There was a 44% drop in annuity sales in June when compared to the same month last year, according to research by financial systems provider IRESS.
30 JULY 2014 | BY JUDITH UGWUMADU
The firm claimed this drop was the result of the Budget changes announced in March, which has led to people postponing annuity purchases until they receive more advice on their options.
Dave Miller, executive general manager for sourcing at IRESS, said: 'Those planning to retire have seen a seismic shift since March, and the dust is far from settled. Annuities demand has been hit in the short term, as consumers understandably hold fire until they have received guidance or see the extent of their options in April.
'While demand for annuities may not hit previous heights, the protection they offer against increasing longevity ensures they will remain relevant to financing retirement, especially as innovation accelerates.'
IRESS analysed data from over 150,000 financial advisers, finding a 43.8% decline in the number of annuities sold in June 2014 compared to June 2013. Compared to May 2014, annuity sales were down 4.8%.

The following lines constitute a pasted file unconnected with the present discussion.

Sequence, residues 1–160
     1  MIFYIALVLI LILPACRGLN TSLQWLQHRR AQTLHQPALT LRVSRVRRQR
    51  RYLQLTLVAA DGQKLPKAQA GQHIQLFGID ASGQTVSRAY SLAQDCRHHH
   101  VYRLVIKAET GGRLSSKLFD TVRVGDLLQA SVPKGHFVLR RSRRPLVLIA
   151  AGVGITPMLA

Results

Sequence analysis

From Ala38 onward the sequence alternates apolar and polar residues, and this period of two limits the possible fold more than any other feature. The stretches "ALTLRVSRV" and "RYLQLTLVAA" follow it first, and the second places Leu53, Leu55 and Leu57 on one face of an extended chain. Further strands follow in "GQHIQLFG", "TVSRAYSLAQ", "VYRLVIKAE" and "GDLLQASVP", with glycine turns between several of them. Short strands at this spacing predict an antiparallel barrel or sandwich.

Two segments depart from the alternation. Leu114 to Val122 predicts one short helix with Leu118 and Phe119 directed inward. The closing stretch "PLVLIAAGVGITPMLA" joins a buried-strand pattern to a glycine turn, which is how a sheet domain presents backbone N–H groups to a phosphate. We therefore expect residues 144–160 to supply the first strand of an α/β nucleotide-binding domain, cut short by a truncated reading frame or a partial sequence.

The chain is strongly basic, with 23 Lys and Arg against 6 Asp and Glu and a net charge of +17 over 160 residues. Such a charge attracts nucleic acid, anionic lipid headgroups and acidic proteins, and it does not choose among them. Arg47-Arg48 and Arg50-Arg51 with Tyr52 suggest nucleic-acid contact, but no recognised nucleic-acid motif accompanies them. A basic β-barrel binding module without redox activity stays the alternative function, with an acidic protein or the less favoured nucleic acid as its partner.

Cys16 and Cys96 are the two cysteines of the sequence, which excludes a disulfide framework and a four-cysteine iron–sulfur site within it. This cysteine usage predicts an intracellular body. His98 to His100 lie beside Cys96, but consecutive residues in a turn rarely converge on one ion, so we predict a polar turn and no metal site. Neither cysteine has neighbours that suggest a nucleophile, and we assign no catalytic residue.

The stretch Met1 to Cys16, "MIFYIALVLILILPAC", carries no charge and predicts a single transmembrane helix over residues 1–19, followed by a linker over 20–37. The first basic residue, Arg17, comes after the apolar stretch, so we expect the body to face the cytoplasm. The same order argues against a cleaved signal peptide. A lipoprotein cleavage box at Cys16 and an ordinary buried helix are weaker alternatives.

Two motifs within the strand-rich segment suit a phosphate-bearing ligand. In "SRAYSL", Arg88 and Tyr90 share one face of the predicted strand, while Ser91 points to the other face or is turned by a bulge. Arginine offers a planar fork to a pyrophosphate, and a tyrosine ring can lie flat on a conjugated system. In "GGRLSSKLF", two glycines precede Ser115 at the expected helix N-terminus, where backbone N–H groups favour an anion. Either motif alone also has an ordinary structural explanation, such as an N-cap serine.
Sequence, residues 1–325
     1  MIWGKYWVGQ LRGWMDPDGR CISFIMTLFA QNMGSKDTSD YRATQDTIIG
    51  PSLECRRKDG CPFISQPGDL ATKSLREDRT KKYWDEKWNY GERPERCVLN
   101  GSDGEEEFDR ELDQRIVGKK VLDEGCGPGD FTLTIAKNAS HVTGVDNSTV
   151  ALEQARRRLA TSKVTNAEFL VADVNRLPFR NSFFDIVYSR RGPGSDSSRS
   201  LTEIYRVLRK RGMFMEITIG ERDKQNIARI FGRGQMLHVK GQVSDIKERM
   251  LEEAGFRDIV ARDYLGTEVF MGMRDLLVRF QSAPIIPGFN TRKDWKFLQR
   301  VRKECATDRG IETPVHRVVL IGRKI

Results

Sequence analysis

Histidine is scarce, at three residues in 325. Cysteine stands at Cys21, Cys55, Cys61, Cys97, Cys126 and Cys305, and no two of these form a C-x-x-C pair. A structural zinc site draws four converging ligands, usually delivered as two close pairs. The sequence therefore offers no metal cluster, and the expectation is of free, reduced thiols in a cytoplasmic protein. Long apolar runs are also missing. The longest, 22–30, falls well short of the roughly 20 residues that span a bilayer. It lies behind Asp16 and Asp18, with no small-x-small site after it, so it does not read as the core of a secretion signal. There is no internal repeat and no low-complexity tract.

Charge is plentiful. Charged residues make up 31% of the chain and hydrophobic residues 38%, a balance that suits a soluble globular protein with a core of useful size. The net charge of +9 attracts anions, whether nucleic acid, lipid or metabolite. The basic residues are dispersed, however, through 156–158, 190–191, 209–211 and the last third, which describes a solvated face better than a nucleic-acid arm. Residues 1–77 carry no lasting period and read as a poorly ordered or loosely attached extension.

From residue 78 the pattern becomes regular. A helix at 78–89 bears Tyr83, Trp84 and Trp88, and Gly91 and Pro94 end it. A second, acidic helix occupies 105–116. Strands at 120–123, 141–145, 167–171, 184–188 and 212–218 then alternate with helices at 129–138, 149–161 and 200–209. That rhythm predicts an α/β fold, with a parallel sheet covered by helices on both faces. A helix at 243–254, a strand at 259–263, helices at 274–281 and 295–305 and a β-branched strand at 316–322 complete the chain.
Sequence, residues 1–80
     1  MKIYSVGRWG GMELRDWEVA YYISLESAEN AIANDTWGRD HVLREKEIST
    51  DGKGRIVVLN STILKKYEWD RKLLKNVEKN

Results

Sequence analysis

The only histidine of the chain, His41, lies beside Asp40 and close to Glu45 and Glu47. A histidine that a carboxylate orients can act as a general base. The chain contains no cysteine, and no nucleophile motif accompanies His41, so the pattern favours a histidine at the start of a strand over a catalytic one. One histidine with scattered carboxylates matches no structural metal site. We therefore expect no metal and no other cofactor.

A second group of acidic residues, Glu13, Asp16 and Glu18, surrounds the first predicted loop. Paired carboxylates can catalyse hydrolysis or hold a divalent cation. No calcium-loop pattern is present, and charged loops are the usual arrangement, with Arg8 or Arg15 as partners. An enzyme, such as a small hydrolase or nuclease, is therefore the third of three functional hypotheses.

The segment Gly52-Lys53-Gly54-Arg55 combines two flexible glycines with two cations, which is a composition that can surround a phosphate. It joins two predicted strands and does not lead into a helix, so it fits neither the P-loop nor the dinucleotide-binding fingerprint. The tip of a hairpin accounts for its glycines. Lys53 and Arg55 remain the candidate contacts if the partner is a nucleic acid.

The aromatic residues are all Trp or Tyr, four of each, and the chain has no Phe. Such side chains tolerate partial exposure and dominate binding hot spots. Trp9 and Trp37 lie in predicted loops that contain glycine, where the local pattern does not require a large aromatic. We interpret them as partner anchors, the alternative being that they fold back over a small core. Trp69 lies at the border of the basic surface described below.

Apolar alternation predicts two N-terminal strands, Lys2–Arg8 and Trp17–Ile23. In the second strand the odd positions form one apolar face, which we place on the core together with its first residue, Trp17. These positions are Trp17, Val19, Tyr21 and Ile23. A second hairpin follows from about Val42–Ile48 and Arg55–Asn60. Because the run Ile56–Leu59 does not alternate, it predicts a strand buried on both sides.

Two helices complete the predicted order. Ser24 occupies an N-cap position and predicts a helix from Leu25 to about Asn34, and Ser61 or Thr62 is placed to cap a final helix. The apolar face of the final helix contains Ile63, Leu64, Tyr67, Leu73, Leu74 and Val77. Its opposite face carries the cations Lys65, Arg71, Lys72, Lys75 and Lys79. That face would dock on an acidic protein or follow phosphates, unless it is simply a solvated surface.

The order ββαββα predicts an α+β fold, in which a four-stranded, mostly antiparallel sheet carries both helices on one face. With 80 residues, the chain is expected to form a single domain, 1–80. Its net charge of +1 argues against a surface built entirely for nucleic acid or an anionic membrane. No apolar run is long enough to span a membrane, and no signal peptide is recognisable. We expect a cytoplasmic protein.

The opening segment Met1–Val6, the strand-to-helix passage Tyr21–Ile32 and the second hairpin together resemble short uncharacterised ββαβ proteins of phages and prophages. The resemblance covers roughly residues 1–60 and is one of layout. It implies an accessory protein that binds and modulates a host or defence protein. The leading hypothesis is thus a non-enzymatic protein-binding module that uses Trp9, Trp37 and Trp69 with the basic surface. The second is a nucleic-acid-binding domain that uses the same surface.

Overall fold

Meanwhile, the average single annuity income climbed to £3,552 per year in June, up by 3.7% from £3,426 in May. This is the highest level for at least a year and compares to £2,942 in June 2013.
The increase was caused by a combination of larger pension pots and annuity rates ticking up. The average pension pot for annuitants at retirement is at its highest level for at least two years, hitting £65,232 in June, according to IRESS. This is an increase of 3.3% in May and 13.3% higher than a year ago (£57,560).
Standard single annuity rates stood at 5.44% in June, up from 5.11% in June 2013 and a slight increase up from 5.42% in May.
'In this context, it is a step in the right direction that income is climbing, with rates inching up and pots sizes reaching their largest in two years,' said Miller.
'Some new retirees may be opting to cash in smaller pots rather than annuitise, but longer-term trends suggest we may be seeing a steady shift towards building greater savings.'